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Linda Palfi
CNC Properties
Box 47033 Creekside, Calgary, Alberta
P: 403-998-7732
F: 403-592-8002

Condo plans have a wealth of information


Condominium plans are easy to figure out for those who have an interest in their condo community. Just like a city map, though, one has to become familiar with it and know the terminology for the plan to be helpful, after which it will get you where you're going.


Start by fetching a full-sized copy of your condominium plan from the Land Titles Office downtown or buy it on-line; just search "SPIN2" to turn up the Alberta Land Titles web site. For a few dollars you will receive any number of pages, as one might show the building site, another the basement parking layouts, and yet another the suite dimensions. For a few extra dollars you can also buy the "condominium plan additional sheet", which will show any legal registrations that may have been filed against the corporation. This registration sheet will also show when Bylaws were changed and new Directors of the corporation were registered.


Lay the condo plan out on your dining table and get yourself a pen, a calculator, and a highlighter. Studying the site-plan page you may see that your building lies within a larger bare-land condo development. The development may have been built in stages and as each lot was split off it was further subdivided by "redivision" into building lots or suites within apartment buildings. If your condominium is in the inner city the site plan might show old house lots that your high-rise building unified into one large condominium building site.


Note that not all walls in condominium buildings are property boundary lines and that not all property lines will have walls when you actually stand in that location. Examples: your building's ground-floor common-property area is not subdivided on the plan, but may in fact be divided into a lobby, a laundry room, exercise and meeting rooms, hallways, and elevator shafts. Conversely a condominium parking garage might show many titled parking stalls and their property lines on the plan, but in fact there are few walls in the parking areas. Remember that condominium plans shows property divisions, not necessarily wall divisions.


Find your suite on the plan and mark the civic-address suite number on it. If you're about to buy the suite, ensure that the legal unit number for the suite matches the legal description of the property you're buying. Do the same check for the parking stall, if that is titled property, by carrying the plan into the garage and confirming the stall's location. Highlight your property on the plan for ease of reference. Note that the plan was surveyed and registered before civic addresses were assigned. Be careful not to confuse your property's civic address (the number on the door) with its legal unit number. There can easily be a legal unit 101 at the top of a condo tower, as well as a civic-address suite 101 on the ground floor. Confusion can be disastrous (like buying the wrong suite!) and precious few Realtors or condo property managers take this issue seriously enough.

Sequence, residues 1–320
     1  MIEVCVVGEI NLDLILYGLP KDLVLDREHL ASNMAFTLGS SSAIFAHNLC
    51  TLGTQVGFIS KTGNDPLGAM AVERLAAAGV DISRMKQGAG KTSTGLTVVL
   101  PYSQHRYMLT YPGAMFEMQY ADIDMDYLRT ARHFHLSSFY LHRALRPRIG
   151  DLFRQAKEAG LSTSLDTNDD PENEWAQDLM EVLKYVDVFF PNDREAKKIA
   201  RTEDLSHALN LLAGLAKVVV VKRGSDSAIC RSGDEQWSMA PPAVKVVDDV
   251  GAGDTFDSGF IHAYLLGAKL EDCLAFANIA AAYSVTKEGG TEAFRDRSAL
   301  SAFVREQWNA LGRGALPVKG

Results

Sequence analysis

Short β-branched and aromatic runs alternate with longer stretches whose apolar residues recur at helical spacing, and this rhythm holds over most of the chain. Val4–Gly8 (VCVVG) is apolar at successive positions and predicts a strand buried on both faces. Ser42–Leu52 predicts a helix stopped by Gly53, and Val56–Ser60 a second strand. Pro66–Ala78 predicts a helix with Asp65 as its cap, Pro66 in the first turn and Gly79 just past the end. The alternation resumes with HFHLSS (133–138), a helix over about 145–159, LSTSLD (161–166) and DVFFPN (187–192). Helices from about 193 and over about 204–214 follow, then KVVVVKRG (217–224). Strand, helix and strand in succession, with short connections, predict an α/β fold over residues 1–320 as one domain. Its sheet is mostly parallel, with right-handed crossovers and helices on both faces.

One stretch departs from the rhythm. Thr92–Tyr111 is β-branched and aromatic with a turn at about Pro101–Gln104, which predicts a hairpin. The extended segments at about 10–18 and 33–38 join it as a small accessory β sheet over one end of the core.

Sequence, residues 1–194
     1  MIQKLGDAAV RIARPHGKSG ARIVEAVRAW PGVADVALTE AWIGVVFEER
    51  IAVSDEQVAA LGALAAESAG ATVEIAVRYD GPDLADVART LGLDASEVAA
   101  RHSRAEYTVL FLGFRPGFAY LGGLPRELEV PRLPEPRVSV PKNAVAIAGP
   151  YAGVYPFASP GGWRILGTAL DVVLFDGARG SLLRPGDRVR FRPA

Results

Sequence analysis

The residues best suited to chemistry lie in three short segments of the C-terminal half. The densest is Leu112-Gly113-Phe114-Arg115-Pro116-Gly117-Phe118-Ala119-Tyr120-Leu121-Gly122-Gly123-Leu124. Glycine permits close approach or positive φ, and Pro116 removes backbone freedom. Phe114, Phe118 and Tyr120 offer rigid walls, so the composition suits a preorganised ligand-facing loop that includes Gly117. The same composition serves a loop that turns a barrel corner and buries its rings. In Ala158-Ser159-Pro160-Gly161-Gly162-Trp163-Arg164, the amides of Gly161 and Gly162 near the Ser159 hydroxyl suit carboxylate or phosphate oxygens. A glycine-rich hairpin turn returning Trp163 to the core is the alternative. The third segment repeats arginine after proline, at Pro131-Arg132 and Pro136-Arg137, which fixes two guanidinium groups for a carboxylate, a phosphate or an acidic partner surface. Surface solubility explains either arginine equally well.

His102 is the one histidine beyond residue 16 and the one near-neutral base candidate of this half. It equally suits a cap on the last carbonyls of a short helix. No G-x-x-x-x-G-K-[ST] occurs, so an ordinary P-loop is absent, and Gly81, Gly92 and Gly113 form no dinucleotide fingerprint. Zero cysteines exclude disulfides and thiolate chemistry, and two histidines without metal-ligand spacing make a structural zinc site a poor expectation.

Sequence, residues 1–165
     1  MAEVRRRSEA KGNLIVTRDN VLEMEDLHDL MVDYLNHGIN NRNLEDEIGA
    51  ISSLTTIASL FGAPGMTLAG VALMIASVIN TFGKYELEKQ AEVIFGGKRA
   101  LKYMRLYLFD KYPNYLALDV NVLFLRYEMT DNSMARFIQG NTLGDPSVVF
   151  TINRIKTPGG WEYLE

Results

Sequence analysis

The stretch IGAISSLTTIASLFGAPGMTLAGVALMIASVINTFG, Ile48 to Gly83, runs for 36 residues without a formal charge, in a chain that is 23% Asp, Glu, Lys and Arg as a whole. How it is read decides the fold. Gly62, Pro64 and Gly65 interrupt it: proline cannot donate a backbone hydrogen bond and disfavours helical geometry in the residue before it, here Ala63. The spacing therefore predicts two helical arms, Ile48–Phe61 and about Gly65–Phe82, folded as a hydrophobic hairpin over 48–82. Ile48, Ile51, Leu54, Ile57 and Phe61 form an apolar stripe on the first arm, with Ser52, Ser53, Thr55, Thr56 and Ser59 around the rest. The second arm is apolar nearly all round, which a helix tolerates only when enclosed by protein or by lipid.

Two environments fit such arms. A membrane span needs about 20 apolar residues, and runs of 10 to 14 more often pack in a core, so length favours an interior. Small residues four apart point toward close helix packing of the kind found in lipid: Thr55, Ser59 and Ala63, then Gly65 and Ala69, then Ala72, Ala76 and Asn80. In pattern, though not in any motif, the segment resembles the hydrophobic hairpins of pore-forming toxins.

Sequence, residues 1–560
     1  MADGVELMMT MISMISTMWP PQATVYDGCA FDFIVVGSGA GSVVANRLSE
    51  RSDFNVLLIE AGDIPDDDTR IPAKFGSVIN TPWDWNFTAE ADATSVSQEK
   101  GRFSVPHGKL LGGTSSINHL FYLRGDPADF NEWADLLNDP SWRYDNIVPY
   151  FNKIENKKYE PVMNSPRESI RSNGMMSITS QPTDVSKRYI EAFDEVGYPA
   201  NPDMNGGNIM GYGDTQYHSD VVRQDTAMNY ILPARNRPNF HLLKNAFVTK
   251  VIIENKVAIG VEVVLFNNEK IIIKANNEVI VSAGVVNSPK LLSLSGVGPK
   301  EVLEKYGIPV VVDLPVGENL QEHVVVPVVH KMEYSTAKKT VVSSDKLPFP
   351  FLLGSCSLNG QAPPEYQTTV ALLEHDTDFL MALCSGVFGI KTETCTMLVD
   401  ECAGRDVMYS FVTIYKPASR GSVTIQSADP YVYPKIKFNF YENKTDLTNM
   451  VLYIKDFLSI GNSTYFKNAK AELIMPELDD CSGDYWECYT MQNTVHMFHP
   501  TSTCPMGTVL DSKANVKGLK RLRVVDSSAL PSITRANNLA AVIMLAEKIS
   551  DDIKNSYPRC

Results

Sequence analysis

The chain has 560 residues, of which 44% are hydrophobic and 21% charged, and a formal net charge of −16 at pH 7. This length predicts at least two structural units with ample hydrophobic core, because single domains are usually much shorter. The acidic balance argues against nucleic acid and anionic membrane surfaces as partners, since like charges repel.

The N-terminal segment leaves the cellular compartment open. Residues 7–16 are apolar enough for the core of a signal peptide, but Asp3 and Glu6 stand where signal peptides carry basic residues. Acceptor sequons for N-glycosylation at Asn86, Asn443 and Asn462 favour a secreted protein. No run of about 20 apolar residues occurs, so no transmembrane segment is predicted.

On the plan's table of units, their unit factors, and their floor areas, highlight your property(s), and again write in the civic address of the suite. Titled parking stalls, by the way, have no civic address, and should be numbered as per the condo plan. It baffles me that some buildings number their stalls in another sequence; why create a second numbering system? Now write on your plan the conversion of your unit factor (1/10,000) to a percentage by moving the decimal left two spaces; i.e.: a unit factor of 236 becomes 2.36%. Your property is responsible for that percentage of annual revenue raised by condo contributions. Now convert the suite's metric size to square feet (square M x 10.764 = square feet), as we still seem to be more familiar with floor areas stated that way.


If you're reading the plan before buying a condo home, analyze the unit factor table. Unless the plan declares how unit factors were allocated, look for any unfairness in the allocations. Most often unit factors are allocated in approximate proportion to each suite's floor area, but a very few condo plans give more factors to upper floors. Titled parking stalls are usually given factors on a smaller non-floor-area basis, and titled storage lockers are often given just a single unit factor.


Some plans will carry a notation stating that homeowners are personally responsible for their suites' exterior windows and doors. Alberta's Condominium Property Act adopted in 2000 allowed a two-year window to amend condo plans this way, so this option is no longer available. Most common in older townhouse developments, but possible anywhere, this means you'd pay personally to replace double-paned windows that have lost their seal, or patio slider doors that are worn out. If there's no notation to this effect, then the development's exterior windows and doors are common property and condo contributions must save up for their maintenance and replacement.


Don't be intimidated by your condominium plan. Write and highlight interpretive notes all over it. After all, a replacement only costs a few dollars. Become familiar with your plan to better understand your condo community and your property's place and role within it.

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